Linked: The problem isn’t remote working – it’s clinging to office-based practices
Since I worked remotely before COVID-19, I’ve been saying this for awhile now. The so-called problems with remote work are mostly just the inability to adjust the processes that worked in an office to a new reality.
But remote work itself is not the problem. The problem is that, though most office workers are currently working from home, the way we work is still inherently office-centric. For the past nine months, my team and I have been researching how maintaining this way of working in a remote environment is actually what is causing significant damage to employees. It’s never a good idea to force a square peg into a round hole. In today’s context, office-centric work is a square peg and the remote environment is a round hole.
Most things that I hear managers and CEO’s complain about remote working, like how their team feels disconnected, or suffers from “Zoom fatigue”, or might not be spending every minute of the 9-5 working for the company, are things that should have been true for those of us who worked remotely prior to 2020, but it wasn’t true.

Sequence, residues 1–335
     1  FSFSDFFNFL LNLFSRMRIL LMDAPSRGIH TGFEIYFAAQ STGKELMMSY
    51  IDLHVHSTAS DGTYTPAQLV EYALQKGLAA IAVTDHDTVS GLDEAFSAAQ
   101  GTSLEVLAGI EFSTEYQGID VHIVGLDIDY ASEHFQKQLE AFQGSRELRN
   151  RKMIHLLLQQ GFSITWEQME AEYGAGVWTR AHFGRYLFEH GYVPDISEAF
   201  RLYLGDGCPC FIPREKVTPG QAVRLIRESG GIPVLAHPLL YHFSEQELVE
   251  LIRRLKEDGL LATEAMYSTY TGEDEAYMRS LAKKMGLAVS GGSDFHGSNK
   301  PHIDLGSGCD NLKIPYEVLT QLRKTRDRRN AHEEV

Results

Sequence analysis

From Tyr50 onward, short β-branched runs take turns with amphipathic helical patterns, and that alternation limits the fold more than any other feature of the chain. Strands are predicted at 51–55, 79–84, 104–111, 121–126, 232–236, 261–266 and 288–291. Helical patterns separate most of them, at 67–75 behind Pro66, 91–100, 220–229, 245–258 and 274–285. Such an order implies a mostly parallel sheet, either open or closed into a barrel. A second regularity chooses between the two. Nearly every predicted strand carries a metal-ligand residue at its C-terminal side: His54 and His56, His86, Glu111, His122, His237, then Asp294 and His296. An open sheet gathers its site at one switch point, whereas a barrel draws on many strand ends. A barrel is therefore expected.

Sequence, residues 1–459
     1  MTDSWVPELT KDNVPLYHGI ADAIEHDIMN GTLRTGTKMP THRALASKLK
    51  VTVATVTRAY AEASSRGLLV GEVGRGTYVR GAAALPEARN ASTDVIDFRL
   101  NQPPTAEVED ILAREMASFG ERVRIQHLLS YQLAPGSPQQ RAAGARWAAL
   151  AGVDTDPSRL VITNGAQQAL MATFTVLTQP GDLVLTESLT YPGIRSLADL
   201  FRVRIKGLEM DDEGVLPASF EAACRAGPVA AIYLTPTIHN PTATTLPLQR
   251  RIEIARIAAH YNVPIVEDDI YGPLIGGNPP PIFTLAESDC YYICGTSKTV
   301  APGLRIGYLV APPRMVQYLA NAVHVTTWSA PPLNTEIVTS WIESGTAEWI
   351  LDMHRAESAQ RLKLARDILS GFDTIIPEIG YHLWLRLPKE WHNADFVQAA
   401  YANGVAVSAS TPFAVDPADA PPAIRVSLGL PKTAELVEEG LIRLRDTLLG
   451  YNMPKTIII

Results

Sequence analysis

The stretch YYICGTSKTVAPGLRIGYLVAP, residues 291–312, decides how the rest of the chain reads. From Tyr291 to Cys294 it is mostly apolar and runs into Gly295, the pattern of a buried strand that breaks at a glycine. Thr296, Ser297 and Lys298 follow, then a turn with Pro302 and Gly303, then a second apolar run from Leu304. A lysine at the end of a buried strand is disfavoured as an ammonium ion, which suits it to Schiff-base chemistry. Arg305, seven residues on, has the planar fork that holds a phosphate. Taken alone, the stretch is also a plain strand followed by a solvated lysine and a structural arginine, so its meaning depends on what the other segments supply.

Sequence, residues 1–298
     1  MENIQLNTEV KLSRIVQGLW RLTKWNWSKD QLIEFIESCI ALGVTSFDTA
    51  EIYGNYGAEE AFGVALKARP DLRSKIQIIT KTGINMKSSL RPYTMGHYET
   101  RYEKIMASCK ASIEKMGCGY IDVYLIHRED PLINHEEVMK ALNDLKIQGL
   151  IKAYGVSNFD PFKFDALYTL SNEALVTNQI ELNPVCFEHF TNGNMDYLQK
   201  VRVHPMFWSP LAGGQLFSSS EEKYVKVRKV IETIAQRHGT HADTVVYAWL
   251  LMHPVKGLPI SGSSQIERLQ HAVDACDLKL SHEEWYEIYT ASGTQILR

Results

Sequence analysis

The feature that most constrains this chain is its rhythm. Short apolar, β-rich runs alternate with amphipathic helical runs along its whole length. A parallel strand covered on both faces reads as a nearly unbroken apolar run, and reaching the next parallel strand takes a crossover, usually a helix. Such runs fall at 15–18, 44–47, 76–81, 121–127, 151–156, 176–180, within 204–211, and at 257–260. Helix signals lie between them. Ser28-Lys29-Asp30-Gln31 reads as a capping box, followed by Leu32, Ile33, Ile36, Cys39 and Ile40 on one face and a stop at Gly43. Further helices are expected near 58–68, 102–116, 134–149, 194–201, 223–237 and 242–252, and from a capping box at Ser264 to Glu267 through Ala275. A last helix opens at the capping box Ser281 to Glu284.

When you design, and manage, for remote work, instead of forcing everyone to be in more meaningless meetings just so you can “see” them, or track their activities every minute of the day, these issues don’t exist. Employees are trusted to figure out the best way to get their work done, how to be available when they need to be, while still having the flexibility to do what they need to do. Managers measure success by work accomplished, projects finished on time, etc. instead of butts in seats.
If there are any frustrations with remote work, as the article below says, it’s not remote work that is the problem, it is not adjusting. That lack of flexibility, and lack of trust in employees tells me a lot more about the managers and CEOs than it says about remote work.
Dare I hope that the right people are paying attention, Mike McBride Online?
Janet Phillips McKensey We can hope.